Twitter’s four most popular users – Lady Gaga, Justin Bieber, Barack Obama and Britney Spears – collectively have over 38 million followers. Sure, there’s some crossover there, but that’s a pretty huge number.
Together, they also follow about 1.37 million people, which means they have followed about one person for every 27 users who follow them. Relatively, at about 3.61%, that might seem like a pretty low ratio, but it’s an absolute dream level of reciprocation compared to many of the most popular celebrities on Twitter – five of whom follow a big fat zero.
Here are Twitter’s 20 meanest celebrities:
- Eminem (4,651,945 followers, follows zero)
- Kanye West (3,511,165 followers, follows zero)
- Stephen Colbert (2,381,463 followers, follows zero)
- Rev Run (2,234,416 followers, follows zero)
- Dalai Lama (1,887,415 followers, follows zero)
- Jim Carrey (3,353,449 followers, follows 1 person)
- Conan O’Brien (3,276,722 followers, follows 1 person)
- 50 Cent (4,705,536 followers, follows 3 people)
- Bill Cosby 1,890,147 followers, follows 4 people)
- Penn Jillette (1,655,435 followers, follows 6 people)
- Moby (1,319,973 followers, follows 6 people)
- Brent Spiner (1,381,326 followers, follows 9 people)
- Al Gore (2,250,886 followers, follows 9 people)
- Ronaldinho Gaúcho (1,501,655 followers, follows 10 people)
- Kevin Spacey (1,991,233 followers, follows 11 people)
- Danny DeVito (1,310,153 followers, follows 11 people)
- Janet Jackson (1,795,097 followers, follows 16 people)
- Victoria Beckham (1,286,380 followers, follows 18 people)
- Justin Timberlake (4,837,874 followers, following 19 people)
- Danny Glover (1,517,149 followers, following 20 people)
I find it interesting how the top of this chart skews towards hip hop stars – three of the top five (Eminem, Kanye West and Rev Run) are rappers, and none of them have bothered to follow anyone. Moreover, Stephen Colbert and the Dalai Lama, who also refrain from following, are hardly slouches on open mic night. Maybe it’s an image thing.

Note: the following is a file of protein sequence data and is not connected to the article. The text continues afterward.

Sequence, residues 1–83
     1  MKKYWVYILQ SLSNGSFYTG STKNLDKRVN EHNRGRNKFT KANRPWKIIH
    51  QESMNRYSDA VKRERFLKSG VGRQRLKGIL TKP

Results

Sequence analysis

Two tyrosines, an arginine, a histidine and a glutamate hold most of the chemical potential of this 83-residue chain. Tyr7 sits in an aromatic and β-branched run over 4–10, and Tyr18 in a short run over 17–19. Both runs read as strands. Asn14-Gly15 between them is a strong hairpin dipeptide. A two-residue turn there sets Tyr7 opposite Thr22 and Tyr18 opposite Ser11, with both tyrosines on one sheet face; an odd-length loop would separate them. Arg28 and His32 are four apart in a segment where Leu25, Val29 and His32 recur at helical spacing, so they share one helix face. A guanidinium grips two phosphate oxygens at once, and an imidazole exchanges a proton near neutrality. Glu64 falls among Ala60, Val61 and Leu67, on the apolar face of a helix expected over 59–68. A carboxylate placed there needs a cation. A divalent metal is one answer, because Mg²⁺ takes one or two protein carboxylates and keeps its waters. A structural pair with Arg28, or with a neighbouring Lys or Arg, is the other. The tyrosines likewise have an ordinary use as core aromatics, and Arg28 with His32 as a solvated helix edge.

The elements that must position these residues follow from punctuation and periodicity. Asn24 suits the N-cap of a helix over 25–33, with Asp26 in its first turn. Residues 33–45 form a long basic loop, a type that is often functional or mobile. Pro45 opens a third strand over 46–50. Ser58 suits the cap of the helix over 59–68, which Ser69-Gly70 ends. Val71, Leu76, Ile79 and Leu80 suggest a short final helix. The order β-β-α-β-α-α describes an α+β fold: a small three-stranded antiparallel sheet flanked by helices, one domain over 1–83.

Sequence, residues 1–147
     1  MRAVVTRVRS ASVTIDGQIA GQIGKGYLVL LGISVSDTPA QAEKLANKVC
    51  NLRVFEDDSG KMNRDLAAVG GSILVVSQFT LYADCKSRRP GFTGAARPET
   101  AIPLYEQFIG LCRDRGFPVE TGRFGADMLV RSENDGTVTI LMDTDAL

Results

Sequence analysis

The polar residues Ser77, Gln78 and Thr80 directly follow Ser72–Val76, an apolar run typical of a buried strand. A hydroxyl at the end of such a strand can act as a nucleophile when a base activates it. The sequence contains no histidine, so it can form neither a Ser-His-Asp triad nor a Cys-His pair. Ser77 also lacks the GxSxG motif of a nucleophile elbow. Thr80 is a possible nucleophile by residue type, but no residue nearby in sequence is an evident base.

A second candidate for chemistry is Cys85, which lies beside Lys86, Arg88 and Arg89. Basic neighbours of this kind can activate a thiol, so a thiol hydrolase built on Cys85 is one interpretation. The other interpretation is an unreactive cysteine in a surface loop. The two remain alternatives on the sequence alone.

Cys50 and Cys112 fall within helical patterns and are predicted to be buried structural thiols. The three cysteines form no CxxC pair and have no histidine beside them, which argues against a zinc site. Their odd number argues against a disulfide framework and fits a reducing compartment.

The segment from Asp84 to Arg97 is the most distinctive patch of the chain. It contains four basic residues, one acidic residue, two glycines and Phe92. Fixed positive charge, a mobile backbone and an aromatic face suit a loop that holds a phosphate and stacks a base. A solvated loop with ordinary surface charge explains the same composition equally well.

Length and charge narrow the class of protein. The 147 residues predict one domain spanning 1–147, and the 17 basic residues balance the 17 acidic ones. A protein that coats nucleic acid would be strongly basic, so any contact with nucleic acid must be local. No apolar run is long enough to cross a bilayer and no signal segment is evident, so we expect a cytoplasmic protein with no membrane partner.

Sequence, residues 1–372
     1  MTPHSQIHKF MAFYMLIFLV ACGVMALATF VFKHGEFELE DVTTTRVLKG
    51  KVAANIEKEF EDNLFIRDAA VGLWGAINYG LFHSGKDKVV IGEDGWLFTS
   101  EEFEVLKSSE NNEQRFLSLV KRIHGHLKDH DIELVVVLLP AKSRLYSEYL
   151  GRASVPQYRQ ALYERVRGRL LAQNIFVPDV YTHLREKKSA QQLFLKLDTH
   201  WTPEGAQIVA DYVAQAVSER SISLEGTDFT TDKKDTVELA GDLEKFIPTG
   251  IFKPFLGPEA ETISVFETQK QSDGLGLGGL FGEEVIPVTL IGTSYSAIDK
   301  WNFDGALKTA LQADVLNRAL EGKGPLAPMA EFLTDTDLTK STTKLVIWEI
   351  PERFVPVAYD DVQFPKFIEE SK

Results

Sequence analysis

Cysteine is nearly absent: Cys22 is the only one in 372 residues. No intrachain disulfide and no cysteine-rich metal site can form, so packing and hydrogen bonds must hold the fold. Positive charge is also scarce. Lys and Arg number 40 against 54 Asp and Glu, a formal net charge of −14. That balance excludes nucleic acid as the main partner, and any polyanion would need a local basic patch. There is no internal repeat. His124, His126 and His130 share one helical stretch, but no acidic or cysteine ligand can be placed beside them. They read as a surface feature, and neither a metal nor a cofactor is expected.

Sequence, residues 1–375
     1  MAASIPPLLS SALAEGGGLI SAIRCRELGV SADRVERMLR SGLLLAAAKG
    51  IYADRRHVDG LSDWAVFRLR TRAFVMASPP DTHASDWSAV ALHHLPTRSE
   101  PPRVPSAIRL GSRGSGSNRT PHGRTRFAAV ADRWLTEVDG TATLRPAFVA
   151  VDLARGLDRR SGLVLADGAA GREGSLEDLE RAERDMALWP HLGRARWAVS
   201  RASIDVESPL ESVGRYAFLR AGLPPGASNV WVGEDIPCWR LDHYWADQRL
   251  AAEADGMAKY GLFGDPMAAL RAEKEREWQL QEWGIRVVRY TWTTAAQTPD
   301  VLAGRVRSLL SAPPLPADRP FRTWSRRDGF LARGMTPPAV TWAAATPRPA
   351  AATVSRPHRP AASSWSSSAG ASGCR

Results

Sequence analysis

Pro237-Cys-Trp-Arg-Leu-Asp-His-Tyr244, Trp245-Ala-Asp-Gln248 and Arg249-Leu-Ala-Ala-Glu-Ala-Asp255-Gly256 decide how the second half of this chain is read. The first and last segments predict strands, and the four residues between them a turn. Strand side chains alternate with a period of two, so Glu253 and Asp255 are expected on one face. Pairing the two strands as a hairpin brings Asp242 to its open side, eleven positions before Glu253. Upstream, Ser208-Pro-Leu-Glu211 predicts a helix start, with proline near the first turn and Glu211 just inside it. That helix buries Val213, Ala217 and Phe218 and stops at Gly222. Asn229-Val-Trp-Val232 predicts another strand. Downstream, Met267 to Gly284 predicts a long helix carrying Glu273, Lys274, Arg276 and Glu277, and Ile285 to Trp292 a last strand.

Celebrities can, of course, do what they want, which includes following nobody, or just a few token (and usually famous) pals. But I’ve always maintained that this misses the point of Twitter, even if you’re a megastar. There’s very little value in following everybody – you absolutely have to be selective – but if you follow nobody then Twitter becomes nothing more than a broadcast system.
Which, of course, is what many of them want. You just have to spend a few minutes on their profile pages to see how one-way many of them are. But it’s worth noting that it took Lady Gaga over a year before she started following anybody, and just look at her now. 143,093 follows later, she’s far and away Twitter’s most popular user, and arguably the most celebrated superstar on the planet. It’s not the only reason, of course, and she’s backed by a very capable team, but her level of engagement within social media – which includes a certain level of reciprocation, as well as chatting with fans and getting them involved – has played a big part in her success. And I think there’s a valuable lesson there for us all.
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